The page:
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Bad habits cause family members to ingest everything from paint thinner to motor oil. Hubby's fascination with kitchen appliances threatens to leave household residents deaf. Her son's faked afflictions incite a crowd fury. Only the needling ...
Bad habits cause family members to ingest everything from paint thinner to motor oil. Hubby's fascination with kitchen appliances threatens to leave household residents deaf. Her son's faked afflictions incite a crowd fury. Only the needling neighbor can unite this group for a common cause. But the revenge they seek against him delivers karmic consequences.
Included in the 23 essays:
Cat Crap Coffee
Rules of Enragement
Queen of the Road
Garage Sale Mama
Dying to be Seen
From the award-winning author of Driving on the Wrong Side of the Road, Deedee Divine's Totally Skewed Guide to Life, and Stilettos No More, this newest collection of essays offers amusing anecdotes that will appeal to anyone who's ever struggled to define "normal."
Posted May 15, 2013
This Can't Be Normal is a collection of essays. Let me start by saying I was a bit nervous when I started reading this, because it isn't my usual cup of tea! But boy was I pleasantly surprised! It was full of humor, wit, irreverence and oh so smart. I thoroughly enjoyed it! It was a quick, easy read that had me laughing out loud in many places. Diana Estill has way of telling a story that makes you feel as if you are in the room with her. I felt as if we were sitting at a table over a cup of coffee swapping zany tales of what has happened in our lives. I definitely recommend this book!
I received an ARC of This Can't Be Normal, in exchange for an honest review.
Posted April 30, 2013
This is the first book that I have read from this author and I really enjoyed it. This book is filled with the author's humorous take on her family life. I needed a book that was enjoyable and an easy read and this book was perfect. I was laughing so hard I was crying about the authors view on learning to Belly Dance. I could so picture myself doing this. I enjoyed all of the stories and could see members of my family doing the same thing. I can't wait to read more books by this author.
A Review copy was provided to me in exchange for a fair and honest review. The free book held no determination on my personal review.
Posted April 18, 2013
This Can't Be Normal by Diana Estill is a collection of 23 true, short stories about everyday life. Or rather, her everyday life. Set around her home base of Dallas, Texas (with the occasional tale from abroad), we're given small snapshots into the daily goings-on of her household.
There are far too many stories for me to give detailed descriptions of all of them (plus I don't want to spoil anything), so I've created a "mini-trailer" (or something) for the book as a whole. Text only of course. Try to picture a dramatic voice-over. Here it goes:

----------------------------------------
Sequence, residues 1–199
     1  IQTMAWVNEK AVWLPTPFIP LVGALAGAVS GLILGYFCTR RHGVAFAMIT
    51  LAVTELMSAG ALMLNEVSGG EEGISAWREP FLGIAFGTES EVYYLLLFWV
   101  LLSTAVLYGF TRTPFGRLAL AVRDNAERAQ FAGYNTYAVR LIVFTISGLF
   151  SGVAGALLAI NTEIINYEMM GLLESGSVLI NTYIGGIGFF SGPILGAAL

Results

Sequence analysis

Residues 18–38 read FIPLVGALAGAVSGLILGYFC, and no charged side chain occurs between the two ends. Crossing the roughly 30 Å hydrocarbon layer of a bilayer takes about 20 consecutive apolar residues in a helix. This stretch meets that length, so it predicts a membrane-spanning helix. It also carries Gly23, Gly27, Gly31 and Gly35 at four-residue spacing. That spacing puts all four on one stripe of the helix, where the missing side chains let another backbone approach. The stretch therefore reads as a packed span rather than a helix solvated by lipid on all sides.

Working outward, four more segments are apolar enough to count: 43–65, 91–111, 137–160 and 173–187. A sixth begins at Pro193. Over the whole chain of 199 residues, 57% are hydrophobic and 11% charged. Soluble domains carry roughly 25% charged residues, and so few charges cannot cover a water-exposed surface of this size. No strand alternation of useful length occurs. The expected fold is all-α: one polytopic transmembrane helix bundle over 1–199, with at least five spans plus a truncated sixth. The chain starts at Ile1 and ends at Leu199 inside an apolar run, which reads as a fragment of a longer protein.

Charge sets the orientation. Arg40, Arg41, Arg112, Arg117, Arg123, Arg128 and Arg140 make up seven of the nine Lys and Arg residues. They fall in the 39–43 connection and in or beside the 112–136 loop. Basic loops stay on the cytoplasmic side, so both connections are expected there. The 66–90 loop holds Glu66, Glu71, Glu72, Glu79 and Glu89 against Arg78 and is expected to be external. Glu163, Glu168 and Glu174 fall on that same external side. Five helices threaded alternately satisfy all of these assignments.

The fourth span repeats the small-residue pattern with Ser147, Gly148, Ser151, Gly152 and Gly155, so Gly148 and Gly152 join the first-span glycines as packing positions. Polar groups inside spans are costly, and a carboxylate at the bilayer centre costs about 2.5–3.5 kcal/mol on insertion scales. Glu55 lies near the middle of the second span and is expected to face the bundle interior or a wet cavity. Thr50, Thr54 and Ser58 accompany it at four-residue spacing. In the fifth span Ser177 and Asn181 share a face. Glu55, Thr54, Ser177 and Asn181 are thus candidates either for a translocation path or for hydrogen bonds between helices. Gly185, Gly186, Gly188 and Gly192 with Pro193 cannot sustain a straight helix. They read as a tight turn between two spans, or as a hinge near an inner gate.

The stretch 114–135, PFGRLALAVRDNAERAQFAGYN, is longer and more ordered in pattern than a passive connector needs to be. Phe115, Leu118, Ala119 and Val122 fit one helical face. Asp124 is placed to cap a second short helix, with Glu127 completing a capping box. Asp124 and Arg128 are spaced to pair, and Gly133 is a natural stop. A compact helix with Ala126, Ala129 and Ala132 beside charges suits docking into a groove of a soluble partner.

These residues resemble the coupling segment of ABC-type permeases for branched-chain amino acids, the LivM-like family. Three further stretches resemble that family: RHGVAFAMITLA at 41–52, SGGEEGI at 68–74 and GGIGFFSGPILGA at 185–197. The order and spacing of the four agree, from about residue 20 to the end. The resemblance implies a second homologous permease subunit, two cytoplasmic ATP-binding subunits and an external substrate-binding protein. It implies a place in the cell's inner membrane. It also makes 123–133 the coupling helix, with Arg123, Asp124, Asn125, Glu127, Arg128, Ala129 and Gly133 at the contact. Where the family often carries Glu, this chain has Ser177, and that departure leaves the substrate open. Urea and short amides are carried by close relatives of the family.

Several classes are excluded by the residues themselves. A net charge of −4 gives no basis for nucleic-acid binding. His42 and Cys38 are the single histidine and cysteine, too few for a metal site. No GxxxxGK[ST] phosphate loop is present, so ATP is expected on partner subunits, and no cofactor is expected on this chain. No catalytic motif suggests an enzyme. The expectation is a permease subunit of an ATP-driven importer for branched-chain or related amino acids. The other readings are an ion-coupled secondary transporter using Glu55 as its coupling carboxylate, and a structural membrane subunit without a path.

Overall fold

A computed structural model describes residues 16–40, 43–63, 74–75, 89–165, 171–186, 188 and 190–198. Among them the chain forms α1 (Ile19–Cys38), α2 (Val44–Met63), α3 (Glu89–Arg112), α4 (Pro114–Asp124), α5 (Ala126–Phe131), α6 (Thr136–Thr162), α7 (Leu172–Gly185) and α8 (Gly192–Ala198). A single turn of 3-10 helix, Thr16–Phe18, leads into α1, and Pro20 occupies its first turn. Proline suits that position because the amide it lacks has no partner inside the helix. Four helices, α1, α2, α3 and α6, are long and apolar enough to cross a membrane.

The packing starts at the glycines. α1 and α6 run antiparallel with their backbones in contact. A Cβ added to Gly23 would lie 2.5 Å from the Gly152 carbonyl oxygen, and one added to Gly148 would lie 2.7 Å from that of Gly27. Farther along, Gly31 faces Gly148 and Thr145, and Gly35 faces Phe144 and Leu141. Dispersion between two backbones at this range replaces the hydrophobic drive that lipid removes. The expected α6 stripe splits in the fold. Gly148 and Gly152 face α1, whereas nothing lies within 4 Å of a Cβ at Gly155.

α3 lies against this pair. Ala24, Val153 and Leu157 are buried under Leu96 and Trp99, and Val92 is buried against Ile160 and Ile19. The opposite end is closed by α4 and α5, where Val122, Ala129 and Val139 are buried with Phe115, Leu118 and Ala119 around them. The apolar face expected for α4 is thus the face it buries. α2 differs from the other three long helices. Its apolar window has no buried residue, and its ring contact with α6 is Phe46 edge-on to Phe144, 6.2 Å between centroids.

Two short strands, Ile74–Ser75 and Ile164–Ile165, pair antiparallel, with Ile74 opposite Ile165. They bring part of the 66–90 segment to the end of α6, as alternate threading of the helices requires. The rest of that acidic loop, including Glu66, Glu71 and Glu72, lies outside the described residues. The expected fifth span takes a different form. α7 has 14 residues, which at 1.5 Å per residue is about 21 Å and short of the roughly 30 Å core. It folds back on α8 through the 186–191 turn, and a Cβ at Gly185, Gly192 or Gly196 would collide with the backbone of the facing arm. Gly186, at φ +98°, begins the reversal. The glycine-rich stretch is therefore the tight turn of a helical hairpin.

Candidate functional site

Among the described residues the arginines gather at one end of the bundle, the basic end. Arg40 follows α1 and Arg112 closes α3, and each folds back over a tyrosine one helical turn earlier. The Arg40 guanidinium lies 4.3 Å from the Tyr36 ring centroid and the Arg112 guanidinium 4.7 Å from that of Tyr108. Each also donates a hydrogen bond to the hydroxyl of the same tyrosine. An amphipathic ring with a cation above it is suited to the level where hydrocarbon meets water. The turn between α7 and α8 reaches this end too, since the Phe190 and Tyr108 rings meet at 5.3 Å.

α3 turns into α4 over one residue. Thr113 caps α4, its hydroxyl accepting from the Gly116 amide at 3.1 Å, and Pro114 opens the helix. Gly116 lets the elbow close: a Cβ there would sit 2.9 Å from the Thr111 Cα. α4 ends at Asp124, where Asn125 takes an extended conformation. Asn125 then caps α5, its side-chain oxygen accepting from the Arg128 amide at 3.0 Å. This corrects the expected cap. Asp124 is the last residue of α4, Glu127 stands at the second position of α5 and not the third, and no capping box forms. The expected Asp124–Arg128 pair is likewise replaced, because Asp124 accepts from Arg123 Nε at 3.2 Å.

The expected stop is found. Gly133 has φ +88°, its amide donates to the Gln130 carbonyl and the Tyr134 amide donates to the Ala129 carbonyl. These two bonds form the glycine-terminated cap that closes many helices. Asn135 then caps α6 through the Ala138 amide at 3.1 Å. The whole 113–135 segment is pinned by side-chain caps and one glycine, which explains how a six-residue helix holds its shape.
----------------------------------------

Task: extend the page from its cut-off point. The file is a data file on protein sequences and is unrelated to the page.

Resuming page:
In a world where garage sales are Utopia, we find these brave heroes on their
From analysing the perfect cup of coffee down to its molecular level, to providing
health risk statistics on death by "space pollution" to the public, these warriors may just be
the answer we've been looking for.
What really happens at the dentist? What is the perfect cookie recipe for catering an
Fighting for humanity against the dreaded CAPTCHAs and taking on an epic quest to
discover untold wisdom hidden in your drawers.
One woman must conquer her fear of glasses containing unknown substances. And
could mens' boxers be the cause of the recession?
This brave family battles onward, desperately trying to provide us with an explanation
of what normal really means.
Coming soon to a book store near you! Actually it already has, pick up a copy today. Okay enough of that. Onto the actual book itself. The writing style is very similar to newspaper columnists. The stories are brief, anecdotal and tell of real-life situations. Therefore, the humour of each story will be completely subjective to the individual reading them. Whether a story is funny or not will completely depend on their own perspective and what most relates to them. But, the likelihood is that everyone will find at least one story that makes them smile in this collection.
The author mixes social commentary with her family oddities, intertwining the two so that both will be entertaining. She can be a little cynical at times, but then who isn't? It just adds to the humour. Her humour is very tongue-and-cheek and she's not afraid of writing degrading comments about people, but makes sure it's all in jest by including herself in the mockeries.
An easy, afternoon read, that'll strike a cord with anyone who's ever wondered what normality really is? And if it's possible for their family to be part of it.
Disclaimer: I received this book from the author. This is not a sponsored review. All opinions are 100% my own.